Monday, June 2, 2014

Ordinal Distribution of Letters in Words

We've previously seen the distribution of initial letters in English words. We've also seen the distribution of letter usage in the game of Scrabble. Here is a more complete distribution of letters developed by David Taylor on His distributions are first color coded from pale yellow to deep red indicating the frequency of letter usage from least to most. Next he uses 15 ordinal bins of the relative positions of the letters that begin a word, through the middle of the word, and then the ending letters. Here is his example of how words of varying length were handled.
The 4-letter word "four" is apportioned here into only 5 bins. These bin percentages are accumulated across all the words in the Brown corpus via the Natural Language Toolkit. What remains is deciding what aspect of these accumulated percentages of ordinal data to plot to provide an informative display. If the raw percentages are used, comparisons are difficult between frequently used letters like "a" and rarely used ones like "z".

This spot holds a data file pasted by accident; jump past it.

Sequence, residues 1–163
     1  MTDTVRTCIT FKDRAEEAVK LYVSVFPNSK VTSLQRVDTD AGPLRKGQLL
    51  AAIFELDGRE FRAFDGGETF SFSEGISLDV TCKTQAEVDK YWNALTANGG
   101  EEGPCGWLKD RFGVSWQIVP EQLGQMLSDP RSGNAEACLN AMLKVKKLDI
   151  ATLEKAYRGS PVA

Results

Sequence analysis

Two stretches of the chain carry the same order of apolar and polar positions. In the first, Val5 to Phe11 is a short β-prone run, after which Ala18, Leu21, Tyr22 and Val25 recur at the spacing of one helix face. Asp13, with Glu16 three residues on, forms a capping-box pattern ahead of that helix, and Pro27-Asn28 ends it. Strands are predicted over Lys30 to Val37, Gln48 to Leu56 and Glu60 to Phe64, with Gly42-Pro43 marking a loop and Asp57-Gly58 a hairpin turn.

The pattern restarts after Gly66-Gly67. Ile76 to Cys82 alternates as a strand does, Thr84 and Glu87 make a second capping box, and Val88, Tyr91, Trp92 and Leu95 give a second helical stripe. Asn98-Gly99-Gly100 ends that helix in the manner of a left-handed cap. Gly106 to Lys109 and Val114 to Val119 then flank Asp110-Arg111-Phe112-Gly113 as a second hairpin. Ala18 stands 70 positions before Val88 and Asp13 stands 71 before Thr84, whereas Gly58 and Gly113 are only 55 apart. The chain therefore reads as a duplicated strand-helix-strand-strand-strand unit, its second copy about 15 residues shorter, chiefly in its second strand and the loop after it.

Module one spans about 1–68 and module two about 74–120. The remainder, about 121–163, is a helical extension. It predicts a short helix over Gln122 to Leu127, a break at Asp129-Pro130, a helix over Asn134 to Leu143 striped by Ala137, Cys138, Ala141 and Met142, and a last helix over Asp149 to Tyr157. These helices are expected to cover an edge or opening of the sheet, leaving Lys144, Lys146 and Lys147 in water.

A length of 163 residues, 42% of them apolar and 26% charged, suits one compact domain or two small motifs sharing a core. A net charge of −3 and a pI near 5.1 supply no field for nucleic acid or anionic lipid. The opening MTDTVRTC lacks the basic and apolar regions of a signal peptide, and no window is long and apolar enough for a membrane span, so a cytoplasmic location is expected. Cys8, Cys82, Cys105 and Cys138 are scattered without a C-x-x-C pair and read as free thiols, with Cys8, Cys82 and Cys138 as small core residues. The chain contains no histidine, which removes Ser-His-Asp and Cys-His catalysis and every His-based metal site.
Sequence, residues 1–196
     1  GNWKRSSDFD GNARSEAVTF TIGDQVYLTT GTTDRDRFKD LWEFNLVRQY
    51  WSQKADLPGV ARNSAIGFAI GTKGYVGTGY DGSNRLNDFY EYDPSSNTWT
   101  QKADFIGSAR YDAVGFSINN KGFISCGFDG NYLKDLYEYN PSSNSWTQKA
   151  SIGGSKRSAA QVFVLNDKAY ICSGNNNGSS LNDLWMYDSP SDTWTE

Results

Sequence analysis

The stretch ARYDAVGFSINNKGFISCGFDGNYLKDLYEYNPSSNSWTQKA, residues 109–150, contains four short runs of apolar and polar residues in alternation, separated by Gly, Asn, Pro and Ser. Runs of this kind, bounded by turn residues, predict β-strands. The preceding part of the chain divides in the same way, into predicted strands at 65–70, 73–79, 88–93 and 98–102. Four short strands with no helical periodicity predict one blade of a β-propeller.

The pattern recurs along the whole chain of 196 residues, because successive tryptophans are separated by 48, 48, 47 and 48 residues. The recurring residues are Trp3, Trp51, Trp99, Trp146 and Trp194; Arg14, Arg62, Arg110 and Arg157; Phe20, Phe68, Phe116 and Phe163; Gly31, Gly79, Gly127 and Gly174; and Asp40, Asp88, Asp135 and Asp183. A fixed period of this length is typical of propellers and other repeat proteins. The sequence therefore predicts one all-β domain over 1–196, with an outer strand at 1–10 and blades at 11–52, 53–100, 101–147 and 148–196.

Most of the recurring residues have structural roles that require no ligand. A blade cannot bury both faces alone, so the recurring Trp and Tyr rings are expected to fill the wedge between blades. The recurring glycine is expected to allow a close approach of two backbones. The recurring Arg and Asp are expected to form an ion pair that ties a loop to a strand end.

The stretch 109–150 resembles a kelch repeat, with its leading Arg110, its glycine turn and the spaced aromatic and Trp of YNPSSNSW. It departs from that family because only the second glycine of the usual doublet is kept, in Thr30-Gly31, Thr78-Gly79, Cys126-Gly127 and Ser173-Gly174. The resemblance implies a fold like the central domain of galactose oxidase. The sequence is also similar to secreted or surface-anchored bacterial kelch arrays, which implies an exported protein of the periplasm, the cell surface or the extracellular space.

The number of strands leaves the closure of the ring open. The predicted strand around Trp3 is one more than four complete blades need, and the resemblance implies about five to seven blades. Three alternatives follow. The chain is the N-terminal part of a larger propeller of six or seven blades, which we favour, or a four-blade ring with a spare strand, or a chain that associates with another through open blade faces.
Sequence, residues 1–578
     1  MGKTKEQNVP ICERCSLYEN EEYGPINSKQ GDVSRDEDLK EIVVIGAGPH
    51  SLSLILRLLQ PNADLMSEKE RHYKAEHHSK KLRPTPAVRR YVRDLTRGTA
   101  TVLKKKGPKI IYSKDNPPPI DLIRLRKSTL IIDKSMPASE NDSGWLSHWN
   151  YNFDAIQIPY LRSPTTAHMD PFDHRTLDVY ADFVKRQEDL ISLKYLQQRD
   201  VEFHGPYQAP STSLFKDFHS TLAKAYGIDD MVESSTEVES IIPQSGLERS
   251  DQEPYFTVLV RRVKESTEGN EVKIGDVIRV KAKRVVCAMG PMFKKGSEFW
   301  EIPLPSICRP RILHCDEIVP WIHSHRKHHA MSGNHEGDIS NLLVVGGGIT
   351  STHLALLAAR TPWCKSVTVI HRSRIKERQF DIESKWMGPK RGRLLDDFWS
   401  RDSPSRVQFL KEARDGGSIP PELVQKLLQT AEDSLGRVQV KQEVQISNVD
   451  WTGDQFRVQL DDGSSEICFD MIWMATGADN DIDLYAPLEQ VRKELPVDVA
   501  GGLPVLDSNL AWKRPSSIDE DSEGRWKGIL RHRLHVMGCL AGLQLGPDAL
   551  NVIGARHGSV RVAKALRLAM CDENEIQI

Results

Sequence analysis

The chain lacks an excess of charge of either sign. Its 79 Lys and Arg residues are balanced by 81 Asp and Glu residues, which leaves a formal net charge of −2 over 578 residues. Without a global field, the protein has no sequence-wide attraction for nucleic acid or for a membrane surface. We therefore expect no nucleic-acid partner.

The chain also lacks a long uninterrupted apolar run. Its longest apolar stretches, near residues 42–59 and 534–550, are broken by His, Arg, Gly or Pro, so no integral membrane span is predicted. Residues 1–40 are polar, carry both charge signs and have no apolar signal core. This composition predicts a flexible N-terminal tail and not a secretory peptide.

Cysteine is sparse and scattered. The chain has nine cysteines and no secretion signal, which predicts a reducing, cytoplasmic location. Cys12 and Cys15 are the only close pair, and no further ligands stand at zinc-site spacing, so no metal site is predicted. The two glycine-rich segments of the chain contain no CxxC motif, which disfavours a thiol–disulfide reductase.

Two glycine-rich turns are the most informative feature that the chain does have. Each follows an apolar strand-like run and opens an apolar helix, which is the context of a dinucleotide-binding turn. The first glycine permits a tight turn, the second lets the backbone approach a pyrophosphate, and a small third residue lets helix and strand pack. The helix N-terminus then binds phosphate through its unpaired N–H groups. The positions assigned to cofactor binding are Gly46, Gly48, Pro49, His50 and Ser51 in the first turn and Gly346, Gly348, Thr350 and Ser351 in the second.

Logs were another possibility he considered, but these add their own interpretation problems.
Normalizing the y-axis so that 100% represents each letter's greatest frequency is another approach. But he argues this makes interpretation difficult since the vertical scales really are not comparable.
And yet another approach is creating an integrated density so that each letter has a density curve with the same area. I think this works best, but he argues that for a letter like "z" with a narrower and taller central density compared to "a" with a broader and lower density, we give more weight to "z", viewing it as having more ink.
In the end he averaged these last two approaches, normalization and integration, to produce his curves. Check out more of his methods for these graphs at prooffreaderplus.

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